According to Inc, in 2012 the Big Data industry was worth $3.2 billion and growing quickly. They went on to say that “Total [Big Data] industry revenue is expected to reach nearly $17 billion by 2015, growing about seven times faster than the overall IT market”. For more on the size and projected growth of the Big Data industry, check out this Forbes article.

#3. Best Big Data Tools

Forbes, As brands work to answer this question, they become more creative as a result. In fact, many are diving into the benefits of big data analytics. For instance, in 2016 Starbucks started using AI to send personalized offerings to its customers via email. Beyond customizing drinks to match personal tastes, the company uses its loyalty card and app to collect and analyze customer data, including where and when purchases are made.

Data is meaningless until it turns into useful information and knowledge which can aid the management in decision making. For this purpose, we have several top big data software available in the market. This software help in storing, analyzing, reporting and doing a lot more with data. Enlisted below are some of the top open-source tools and few paid commercial tools that have a free trial available.

Software Capterra Review Goal
Open Refine 4.5/5 Data Cleaning,Unstructured Data, Combine multiple data-sets
Worlfram Alpha 4.2/5 Complext Calcs,Business Intelligence,visualization
Import.io 4.5/5 Data Cleaning,Unstructured Data, Web-page data
Big Query Google 4.5/5 Data Cleaning,Mapping,Analytics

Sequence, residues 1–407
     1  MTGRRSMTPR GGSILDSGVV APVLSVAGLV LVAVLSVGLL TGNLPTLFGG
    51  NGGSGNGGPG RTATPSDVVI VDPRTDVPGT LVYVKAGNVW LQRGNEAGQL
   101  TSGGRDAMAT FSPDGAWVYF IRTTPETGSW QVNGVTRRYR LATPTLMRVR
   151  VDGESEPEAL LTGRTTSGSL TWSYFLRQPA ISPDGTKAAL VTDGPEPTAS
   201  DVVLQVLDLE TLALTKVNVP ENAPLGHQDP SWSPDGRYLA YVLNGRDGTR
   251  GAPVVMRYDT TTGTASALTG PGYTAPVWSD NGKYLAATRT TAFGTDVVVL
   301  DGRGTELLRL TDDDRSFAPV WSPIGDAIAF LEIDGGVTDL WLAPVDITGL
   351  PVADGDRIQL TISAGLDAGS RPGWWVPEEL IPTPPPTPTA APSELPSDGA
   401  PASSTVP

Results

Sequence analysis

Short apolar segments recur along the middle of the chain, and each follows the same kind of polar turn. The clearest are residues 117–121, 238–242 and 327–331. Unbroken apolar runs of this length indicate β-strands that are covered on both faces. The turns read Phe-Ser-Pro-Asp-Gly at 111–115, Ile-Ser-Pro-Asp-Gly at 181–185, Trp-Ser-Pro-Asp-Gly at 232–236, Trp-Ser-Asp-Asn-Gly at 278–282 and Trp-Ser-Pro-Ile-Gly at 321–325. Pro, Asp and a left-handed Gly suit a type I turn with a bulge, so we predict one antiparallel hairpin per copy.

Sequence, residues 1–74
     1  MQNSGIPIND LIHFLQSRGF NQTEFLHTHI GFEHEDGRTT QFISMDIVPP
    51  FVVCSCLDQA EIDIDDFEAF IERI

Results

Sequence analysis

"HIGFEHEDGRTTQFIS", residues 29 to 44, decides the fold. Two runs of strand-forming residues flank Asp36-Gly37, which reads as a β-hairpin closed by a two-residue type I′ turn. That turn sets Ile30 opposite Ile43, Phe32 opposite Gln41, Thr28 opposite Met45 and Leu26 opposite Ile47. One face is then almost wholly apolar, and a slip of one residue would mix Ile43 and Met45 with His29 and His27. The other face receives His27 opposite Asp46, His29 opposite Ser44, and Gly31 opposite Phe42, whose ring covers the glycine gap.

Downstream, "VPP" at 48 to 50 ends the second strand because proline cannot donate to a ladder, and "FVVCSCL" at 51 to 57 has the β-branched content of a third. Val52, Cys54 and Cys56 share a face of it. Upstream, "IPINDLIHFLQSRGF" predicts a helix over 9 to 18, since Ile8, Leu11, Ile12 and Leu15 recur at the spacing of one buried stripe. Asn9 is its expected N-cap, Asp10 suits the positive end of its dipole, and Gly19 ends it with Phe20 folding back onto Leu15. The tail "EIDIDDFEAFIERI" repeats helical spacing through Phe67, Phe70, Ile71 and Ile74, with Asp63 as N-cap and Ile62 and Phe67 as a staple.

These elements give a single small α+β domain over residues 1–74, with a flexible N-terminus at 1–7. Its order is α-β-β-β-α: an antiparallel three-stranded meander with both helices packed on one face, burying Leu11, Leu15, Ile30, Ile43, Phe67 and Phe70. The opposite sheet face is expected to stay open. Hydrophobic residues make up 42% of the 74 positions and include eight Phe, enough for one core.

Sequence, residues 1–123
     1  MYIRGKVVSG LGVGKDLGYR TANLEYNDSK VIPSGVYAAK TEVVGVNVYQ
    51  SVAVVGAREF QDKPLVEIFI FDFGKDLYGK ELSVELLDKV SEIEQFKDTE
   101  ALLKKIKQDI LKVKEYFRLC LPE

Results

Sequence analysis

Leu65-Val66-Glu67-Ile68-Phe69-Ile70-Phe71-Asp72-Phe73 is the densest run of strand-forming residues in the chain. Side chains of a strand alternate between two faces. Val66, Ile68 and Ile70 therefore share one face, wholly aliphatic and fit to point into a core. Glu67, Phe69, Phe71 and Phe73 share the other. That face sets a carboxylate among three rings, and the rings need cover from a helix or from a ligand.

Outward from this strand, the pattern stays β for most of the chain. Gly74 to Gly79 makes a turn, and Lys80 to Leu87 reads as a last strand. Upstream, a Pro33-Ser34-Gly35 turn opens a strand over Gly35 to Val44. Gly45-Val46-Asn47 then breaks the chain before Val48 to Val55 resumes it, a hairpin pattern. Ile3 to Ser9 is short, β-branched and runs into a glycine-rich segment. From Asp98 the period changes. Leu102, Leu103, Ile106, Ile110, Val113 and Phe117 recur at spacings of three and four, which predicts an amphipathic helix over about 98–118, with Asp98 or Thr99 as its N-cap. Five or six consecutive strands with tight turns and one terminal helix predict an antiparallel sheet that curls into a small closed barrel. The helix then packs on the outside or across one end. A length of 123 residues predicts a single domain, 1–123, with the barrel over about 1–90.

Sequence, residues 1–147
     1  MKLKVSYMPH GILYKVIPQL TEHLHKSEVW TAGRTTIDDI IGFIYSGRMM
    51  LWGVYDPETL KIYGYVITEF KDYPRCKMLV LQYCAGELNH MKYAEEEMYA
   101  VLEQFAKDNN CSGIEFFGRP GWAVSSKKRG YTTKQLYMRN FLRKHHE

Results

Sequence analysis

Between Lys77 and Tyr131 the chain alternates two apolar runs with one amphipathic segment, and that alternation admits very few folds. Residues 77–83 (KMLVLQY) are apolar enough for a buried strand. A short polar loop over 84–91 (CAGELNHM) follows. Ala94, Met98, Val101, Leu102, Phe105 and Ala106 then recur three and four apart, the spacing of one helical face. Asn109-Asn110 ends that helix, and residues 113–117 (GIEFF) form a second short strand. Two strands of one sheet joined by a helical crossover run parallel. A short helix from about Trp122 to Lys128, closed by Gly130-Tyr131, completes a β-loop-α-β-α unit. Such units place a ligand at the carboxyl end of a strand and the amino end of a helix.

#4. Big Data Benefits to your HR Department

Forbes, Nine contributors to Forbes Human Resources Council offer their honest opinions on the benefits that big data can provide to human resource management departments.

The 2018 report from IBM (2018) on talent analytics found that the use of predictive analytics had increased by 40% over the previous two years.

1. Predicting Hiring Needs

By mining employee data and identifying patterns related to skills, performance ratings, tenure, education, past roles, etc., companies can reduce their time-to-fill, improve employee engagement and productivity and minimize turnover.

2. Providing Hidden Talent Insight

Analyze the feedback, project reviews and overall talent profile data to build skill profiles of employees within the organization in near-real time, a great workforce planning tool

3. Unlocking Powerful Insights

By mining employee data and identifying patterns related to skills, performance ratings, tenure, education, past roles, etc., companies can reduce their time-to-fill, improve employee engagement and productivity and minimize turnover.

4. Improving Retention

The one benefit of embracing the big data trend in HR is to focus on the health of the organization. Company culture influences an organization's longer-term survival with today's talent shortage and employee expectations from employers.

Big data impacts so much of company operations and can offer such deep insight into previously dark areas that it has become a necessary light. Human resources is no different. With an efficient implementation of big data, HR departments can better manage the talent under their purview.